Fat-Sorrow and the Fever of Extravagance





Fat-sorrow is not the sigh you heave after squinting at the scale. That is fat-angst, a feeling I alternately try to befriend or banish. Fat-sorrow springs from a different sort of abundance. Defined as “sorrow alleviated by riches,” it comes from an old Spanish adage, “Fat sorrow is better than lean sorrow.” Which we know as “better to be rich than poor.” Which translates, in our image-driven world, into “better to look rich, act rich, seem rich.”

Weirdly, that is more possible than you would think. At least in patches. You may not have the lifestyle, the ease, or the hired help, but you can have a Gucci purse and carry it conspicuously. Like a tawny housecat, you can ink on a few black spots and pretend you are a leopard.

And so we do.

Millennials, the marketers report, are the new anchor of the luxury market. What? The generation cheated of parental inheritance and saddled with student loans? The ones who, after years of working, cannot even afford to buy a house?

Exactly so. They cannot afford a house, so they stay at home with their parents and use the disposable income to buy three-digit bags instead. (The same logic has people buying lottery tickets because they cannot afford to pay their utility bill.) Half of all luxury purchases are made by people between their mid-twenties and their early forties.

This comes as a blow. I was so proud of Millennials for wanting experiences instead of stuff. Their shift of emphasis seemed revelatory. I grew up scared to buy concert tickets because they were so pricey, yet willing to save up for “good” clothes that, my mother assured me, would “last forever.” Those pieces have been looking back at me from their hangers for thirty years now, and I am so bored with them, I hope for some irreparable stain or rip. Trends shift faster and faster to hold our attention, and in doing so, they shorten its span.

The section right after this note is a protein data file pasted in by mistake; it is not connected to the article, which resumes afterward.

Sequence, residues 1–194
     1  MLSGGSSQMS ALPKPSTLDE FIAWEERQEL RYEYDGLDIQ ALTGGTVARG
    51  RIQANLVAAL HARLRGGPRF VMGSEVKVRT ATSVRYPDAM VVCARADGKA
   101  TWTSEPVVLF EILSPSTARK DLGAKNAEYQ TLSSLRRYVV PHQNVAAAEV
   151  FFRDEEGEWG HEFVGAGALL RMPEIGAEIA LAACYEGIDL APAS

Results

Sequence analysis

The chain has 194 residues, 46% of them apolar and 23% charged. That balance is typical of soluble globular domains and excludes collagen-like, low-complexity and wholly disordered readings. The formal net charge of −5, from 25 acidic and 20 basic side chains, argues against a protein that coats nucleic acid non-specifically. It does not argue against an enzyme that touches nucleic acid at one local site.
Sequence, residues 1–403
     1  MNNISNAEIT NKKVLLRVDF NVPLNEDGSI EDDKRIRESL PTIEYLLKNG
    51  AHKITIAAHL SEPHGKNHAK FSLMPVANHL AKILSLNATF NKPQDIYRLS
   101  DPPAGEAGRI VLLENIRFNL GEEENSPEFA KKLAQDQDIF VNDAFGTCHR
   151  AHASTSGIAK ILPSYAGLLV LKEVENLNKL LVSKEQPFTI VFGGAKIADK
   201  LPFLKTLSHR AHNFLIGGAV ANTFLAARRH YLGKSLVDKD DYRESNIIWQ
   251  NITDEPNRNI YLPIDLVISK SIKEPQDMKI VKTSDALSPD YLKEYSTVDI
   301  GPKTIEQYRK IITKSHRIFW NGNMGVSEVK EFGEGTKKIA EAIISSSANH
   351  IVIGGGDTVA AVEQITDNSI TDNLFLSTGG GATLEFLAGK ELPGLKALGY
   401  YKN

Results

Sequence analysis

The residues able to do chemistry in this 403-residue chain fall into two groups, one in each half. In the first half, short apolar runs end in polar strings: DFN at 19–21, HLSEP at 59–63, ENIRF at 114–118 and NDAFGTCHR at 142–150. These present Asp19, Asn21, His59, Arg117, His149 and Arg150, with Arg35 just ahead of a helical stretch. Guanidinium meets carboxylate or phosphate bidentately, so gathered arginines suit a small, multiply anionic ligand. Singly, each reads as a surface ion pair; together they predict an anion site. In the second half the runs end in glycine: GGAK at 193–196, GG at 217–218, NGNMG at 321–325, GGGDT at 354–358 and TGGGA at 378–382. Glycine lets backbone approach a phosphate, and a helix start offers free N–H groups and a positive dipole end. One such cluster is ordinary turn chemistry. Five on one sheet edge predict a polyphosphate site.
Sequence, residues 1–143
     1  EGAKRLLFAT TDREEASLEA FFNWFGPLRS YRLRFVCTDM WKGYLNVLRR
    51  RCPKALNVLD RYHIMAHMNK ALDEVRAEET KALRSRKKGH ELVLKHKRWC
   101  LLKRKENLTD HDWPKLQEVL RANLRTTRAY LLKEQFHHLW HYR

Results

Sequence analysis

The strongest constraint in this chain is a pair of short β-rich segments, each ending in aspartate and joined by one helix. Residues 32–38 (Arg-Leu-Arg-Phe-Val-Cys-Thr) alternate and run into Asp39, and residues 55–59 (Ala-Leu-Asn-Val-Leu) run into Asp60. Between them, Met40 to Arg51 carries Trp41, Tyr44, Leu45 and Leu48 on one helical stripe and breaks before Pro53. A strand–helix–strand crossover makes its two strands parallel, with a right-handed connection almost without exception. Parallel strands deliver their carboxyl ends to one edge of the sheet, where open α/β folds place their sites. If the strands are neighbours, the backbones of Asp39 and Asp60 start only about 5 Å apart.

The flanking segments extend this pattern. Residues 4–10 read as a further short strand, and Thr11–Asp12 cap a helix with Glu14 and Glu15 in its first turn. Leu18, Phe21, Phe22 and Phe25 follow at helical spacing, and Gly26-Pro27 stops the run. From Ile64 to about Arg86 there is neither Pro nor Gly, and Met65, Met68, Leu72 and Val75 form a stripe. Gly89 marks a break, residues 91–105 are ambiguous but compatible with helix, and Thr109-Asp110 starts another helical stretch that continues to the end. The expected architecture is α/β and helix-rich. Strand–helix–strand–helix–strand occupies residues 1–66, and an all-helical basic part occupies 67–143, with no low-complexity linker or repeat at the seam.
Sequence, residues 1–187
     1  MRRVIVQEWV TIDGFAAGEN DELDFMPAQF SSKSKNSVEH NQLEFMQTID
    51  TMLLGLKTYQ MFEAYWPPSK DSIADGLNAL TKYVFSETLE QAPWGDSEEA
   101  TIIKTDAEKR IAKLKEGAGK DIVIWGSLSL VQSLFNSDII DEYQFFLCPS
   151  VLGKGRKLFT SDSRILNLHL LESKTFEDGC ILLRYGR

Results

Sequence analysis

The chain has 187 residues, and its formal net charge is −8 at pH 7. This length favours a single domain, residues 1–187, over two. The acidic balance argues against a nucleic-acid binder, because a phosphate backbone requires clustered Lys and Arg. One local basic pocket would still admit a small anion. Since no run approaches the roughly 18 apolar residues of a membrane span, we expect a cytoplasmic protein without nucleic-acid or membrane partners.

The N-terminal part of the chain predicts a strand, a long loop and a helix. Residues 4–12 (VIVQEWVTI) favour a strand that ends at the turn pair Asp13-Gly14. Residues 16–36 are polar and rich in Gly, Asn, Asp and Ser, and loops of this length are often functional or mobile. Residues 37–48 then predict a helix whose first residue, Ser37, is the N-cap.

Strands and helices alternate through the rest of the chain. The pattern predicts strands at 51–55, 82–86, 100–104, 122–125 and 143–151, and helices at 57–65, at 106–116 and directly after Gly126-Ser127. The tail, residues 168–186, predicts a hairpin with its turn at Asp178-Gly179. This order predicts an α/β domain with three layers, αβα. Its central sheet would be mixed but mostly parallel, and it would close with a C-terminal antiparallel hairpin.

Not only are Millennials the market anchor, but Gen Z make a full 20 percent of all luxury purchases. That means they command almost as large a share of the market as everyone from their mid-forties to their nineties. By 2035, Gen Z is “set to account for 40 percent of the global personal luxury goods market.”

Granted, they want their purchases to be ethical and sustainable. But the luxury definition of ethical and sustainable is not minimalism, re-use, or making do. It is buying something you are told is ethical and sustainable.

At their age, my goal was to be living in my own place, and my luxury was new hardback books. (I also walked three miles to school in the snow.) Nobody was on TikTok showing me how to buy “the cheapest thing at Chanel.” The allure of that Le Recourbe Cils De Chanel eyelash curler, which looks an awful lot like a $4 one? First, the “luxury packaging”: a sturdy box stamped with that timeless logo. If you buy mascara too, you get “a fresh red Chanel pouch,” faux velvet, that you will save even though you will never figure out another use for it. But wait, that is not the only inducement. You also receive tiny sample tubes of skincare products that will glide on and make you feel pampered precisely three times, before the cock crows and it dawns on you that the full size costs a week of groceries. Nonetheless, that eyelash curler has given you exactly what you wanted: an ephemeral “moment of luxury that costs less than $50.”